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Can literature play a significant role in raising awareness and inspiring activism?
An abiding source of ecological knowledge, Pacific Islander literature continues to play a powerful role in environmental justice movements in Guam, Craig Santos Perez’s ancestral homeland; Hawaiʻi, his current home, and across the Pacific. The Chamoru scholar, poet, educator and environmentalist shares his involvement with a range of humanities projects aimed at raising environmental literacy and performs his award-winning `Pacific Eco-Poetry’ engaging nature, ecology, militarism and climate change.
6.00pm: Welcome drink and refreshments.
6.30pm: Talk and Q&A
ADVANCE BOOKINGS ESSENTIAL
Cash-only tickets available at the door, subject to availability
Craig Santos Perez
Craig Santos Perez is an associate professor at the University of Hawaiʻi, Mānoa, where he teaches Pacific literature and eco-poetry. The author of four collections of poetry, and co-editor of four anthologies, he is the first Pacific Islander to receive the American Book Award, and first Micronesian to receive the highest literary award from the Hawaiʻi Literary Arts Council. Dr Santos Perez has lectured and performed at the IUCN World Conservation Congress, the UNESCO Ocean Literacy conference, the Indigenous Book Festival, the Festival of Pacific Arts and the International Conference on Environmental Futures.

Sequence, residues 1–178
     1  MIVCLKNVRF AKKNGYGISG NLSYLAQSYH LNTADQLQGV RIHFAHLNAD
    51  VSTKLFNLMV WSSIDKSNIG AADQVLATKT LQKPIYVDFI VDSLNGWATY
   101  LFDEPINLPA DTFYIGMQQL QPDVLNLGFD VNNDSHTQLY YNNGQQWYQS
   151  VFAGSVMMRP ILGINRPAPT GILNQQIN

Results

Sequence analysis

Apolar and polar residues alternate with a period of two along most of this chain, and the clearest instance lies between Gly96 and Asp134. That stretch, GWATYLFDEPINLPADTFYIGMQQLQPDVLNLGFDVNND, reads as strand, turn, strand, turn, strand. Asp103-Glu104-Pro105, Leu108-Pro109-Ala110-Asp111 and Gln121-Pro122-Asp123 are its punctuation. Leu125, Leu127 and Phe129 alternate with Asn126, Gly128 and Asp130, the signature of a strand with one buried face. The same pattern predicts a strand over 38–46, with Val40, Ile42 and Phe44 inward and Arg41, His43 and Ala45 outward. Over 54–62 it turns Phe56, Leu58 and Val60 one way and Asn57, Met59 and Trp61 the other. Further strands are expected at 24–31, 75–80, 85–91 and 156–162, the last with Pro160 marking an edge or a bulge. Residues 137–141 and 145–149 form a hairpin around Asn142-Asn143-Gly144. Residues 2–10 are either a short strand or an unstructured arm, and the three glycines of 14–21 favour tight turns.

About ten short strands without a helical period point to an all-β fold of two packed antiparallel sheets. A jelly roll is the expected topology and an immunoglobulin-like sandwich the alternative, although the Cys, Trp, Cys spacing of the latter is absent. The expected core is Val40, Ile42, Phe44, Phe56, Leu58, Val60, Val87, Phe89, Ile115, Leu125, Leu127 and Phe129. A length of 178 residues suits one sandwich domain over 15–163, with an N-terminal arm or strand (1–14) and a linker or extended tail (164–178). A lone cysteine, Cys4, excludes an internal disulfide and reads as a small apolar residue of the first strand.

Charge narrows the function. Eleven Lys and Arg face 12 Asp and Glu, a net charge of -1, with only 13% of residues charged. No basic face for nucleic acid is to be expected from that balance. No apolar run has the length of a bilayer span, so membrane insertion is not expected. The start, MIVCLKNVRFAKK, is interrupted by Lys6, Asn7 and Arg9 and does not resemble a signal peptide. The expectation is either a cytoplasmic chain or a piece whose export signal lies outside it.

What is the HumanNature Series?
In this landmark series of talks, we are proud to host a stellar line up of leading Australian and international scholars. They will share with us their insights from history, literature, philosophy, anthropology and art to examine the significant interplay between the humanities and the environmental crisis we face today, including climate change, biodiversity loss and a wide range of other issues.